Aequus believed that the two entities had entered into a partnership agreement and had merged; gh did not. After the relationship soured, Aequus brought suit claiming breach of contract, breach of the duty of good faith and fair dealing, misrepresentation, negligent misrepresentation, breach of fiduciary duty, breach of the duty of loyalty, tortious interference with agreements, tortious interference with prospective economic advantage, conversion, unjust enrichment, quantum meruit, violation of the Uniform Fraudulent Transfer Act, violation of the New Jersey Oppressed Shareholder Statute and violation of the Uniform Partnership Act. gh brought counterclaims for breach of contract, breach of the duty of good faith and fair dealing, fraudulent inducement, negligent misrepresentation, tortious interference with prospective economic advantage and disgorgement.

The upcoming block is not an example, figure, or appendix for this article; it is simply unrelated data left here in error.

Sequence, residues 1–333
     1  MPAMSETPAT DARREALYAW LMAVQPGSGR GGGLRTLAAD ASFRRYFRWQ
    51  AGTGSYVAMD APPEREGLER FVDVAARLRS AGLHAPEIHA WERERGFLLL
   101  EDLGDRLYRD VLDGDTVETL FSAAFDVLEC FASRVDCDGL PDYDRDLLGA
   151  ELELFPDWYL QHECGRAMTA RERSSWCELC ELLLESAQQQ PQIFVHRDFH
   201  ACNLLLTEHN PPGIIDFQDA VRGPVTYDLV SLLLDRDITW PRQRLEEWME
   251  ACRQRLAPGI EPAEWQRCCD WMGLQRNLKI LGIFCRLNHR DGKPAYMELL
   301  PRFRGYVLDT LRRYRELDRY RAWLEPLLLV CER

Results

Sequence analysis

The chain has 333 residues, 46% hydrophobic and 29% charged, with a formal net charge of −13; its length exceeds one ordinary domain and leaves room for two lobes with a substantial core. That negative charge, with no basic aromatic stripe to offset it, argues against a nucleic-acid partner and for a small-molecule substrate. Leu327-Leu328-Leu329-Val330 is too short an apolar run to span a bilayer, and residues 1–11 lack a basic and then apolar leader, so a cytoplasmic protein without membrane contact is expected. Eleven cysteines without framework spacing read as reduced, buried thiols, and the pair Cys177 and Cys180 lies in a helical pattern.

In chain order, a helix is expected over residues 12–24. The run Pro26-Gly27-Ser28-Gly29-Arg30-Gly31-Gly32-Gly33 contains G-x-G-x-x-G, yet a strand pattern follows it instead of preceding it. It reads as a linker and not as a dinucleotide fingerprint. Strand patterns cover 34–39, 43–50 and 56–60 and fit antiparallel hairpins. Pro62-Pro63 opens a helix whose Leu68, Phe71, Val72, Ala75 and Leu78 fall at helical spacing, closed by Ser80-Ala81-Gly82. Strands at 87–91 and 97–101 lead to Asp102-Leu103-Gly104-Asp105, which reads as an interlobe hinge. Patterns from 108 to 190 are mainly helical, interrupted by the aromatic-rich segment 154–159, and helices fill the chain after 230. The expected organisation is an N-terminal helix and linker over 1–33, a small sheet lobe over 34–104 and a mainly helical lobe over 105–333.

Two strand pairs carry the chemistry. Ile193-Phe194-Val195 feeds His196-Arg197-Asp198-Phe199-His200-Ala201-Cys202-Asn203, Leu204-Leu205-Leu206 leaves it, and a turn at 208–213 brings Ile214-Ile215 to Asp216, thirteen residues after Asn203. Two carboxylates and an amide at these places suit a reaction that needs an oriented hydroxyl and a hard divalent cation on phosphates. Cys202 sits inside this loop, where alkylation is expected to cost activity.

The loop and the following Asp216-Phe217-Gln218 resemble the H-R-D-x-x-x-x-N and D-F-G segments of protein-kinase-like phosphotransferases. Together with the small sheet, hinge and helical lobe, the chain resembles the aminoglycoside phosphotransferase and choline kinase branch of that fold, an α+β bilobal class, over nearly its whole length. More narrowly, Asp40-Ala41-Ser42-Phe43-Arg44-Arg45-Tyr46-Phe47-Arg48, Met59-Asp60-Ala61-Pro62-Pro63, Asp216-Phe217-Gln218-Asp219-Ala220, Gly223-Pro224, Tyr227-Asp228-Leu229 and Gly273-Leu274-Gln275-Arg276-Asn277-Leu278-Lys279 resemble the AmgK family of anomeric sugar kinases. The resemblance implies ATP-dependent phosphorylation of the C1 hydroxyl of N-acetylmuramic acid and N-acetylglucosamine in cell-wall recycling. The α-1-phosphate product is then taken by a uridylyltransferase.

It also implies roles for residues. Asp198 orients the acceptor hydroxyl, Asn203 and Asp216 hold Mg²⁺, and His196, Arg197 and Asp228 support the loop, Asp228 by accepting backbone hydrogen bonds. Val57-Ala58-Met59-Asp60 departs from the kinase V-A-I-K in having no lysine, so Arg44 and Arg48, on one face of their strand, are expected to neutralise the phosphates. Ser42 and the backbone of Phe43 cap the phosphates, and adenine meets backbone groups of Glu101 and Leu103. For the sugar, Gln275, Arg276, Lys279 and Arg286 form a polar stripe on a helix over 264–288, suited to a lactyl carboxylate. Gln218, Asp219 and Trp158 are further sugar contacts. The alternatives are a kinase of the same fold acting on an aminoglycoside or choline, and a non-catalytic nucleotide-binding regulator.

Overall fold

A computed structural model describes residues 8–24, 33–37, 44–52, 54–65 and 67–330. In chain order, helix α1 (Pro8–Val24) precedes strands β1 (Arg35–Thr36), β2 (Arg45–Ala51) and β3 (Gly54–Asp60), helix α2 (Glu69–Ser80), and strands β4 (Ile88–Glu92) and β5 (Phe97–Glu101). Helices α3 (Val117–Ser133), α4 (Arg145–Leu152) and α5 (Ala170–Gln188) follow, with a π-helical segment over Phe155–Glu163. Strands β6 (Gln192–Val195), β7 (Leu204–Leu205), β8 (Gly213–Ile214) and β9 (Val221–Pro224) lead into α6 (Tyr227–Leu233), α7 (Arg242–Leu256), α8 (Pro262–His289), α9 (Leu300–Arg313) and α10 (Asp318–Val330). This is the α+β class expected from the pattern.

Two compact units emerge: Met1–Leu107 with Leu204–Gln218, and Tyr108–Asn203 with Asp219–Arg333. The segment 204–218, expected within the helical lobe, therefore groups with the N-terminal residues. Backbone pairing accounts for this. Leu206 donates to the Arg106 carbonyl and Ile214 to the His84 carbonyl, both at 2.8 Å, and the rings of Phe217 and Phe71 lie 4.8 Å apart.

In 2007, gh moved for partial summary judgment, primarily contending that a partnership had never been legally created and that the two entities had not merged. The Court granted gh‟s motion. Specifically, the Court found no valid partnership or merger and dismissed Aequus‟ breach of contract claims concerning the partnership and merger agreements, Aequus‟ claims for a breach of the duty of good faith and fair dealing under the partnership and merger agreements, Aequus‟ claims for breach of fiduciary duty and the duty of loyalty under the partnership and merger agreements, Aequus‟ claim under the New Jersey Oppressed Shareholders‟ Statute, Aequus‟ claim under the Uniform Partnership Act, and Aequus‟ claim for $250,000 in damages under the partnership agreement. Defendants now move for summary judgment on all remaining claims.

STANDARD OF REVIEW